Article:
Referring to the drawings, and particularly to FIG. 1, limited slip differential 10 of the present invention comprises differential casing 12 which is constructed by joining casing parts 12a and 12b to form a generally cylindrical structure and defining inner cavity 13. Inner cavity 13 is constructed to hold a differential gear assembly and a suitable, incompressible lubricant, and includes end walls 70, 72 defined by the interior surfaces of casing parts 12a, 12b, respectively. The exterior surface of casing 12 includes flange 14 formed on one side thereof for connecting differential 10 to driving ring gear 80 using conventionally known means, such as threaded fasteners 15. Casing 12 also includes hollow receiving hubs 16, 18 on each end, the hubs defining apertures 20, 22 for accepting output shafts 21, 23.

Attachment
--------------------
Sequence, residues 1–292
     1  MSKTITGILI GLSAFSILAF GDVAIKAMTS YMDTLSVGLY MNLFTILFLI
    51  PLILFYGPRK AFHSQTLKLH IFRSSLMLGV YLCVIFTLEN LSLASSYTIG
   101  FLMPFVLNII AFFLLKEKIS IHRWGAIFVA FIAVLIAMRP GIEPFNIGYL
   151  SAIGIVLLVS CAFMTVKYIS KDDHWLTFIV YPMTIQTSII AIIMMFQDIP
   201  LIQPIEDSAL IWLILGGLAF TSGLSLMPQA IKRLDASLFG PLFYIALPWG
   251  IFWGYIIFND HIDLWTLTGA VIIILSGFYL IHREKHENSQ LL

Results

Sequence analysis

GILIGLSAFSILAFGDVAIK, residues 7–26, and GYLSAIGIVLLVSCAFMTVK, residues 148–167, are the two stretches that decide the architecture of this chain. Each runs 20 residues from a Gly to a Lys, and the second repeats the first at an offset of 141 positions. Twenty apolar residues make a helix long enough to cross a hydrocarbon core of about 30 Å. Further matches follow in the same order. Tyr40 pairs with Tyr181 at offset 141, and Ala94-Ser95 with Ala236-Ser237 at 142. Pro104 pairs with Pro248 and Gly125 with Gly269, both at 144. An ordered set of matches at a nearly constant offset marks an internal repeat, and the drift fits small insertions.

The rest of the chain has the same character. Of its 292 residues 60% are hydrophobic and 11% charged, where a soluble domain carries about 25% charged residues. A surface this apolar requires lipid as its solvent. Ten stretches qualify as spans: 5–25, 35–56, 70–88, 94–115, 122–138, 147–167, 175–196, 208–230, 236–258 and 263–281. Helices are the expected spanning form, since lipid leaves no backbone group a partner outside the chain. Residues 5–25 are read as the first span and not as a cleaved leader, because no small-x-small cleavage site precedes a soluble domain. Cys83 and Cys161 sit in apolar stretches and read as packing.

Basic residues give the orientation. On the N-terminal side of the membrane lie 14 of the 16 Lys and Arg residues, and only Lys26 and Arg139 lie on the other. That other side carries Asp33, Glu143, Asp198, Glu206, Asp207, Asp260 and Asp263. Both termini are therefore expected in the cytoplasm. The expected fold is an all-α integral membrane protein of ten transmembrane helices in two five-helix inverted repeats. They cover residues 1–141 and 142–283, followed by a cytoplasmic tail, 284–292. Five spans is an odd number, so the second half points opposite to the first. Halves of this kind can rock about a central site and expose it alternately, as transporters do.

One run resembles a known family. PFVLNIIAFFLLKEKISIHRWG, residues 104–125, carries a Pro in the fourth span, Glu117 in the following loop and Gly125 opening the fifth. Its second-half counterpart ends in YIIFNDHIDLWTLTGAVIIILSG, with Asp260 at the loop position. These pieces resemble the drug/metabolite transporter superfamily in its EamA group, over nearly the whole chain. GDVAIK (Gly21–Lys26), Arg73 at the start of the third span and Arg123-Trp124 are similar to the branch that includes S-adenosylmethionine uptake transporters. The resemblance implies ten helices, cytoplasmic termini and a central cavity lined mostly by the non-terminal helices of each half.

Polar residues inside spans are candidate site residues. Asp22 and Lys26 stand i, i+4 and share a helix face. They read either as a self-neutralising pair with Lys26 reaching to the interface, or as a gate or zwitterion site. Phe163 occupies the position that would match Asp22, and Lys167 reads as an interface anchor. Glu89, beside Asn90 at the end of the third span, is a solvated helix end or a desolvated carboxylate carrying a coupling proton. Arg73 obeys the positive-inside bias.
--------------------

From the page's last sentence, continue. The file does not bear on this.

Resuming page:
Disposed within inner cavity 13 are meshingly engaged pinion gears 28, 30 and side gears 24, 26. Pinion gears 28, 30 are disposed at right angles to side gears 24, 26 and are rotatably mounted on cross pin 32. Cross pin 32 is fixedly disposed in the inner cavity of casing 12, generally midway between end walls 70 and 72. Cross pin 32 is locked in position within casing 12 such that pinion gears 28, 30 rotate with casing 12 around axis 9 defined by hubs 16, 18. Pinion gears 28, 30 can also rotate about cross pin 32.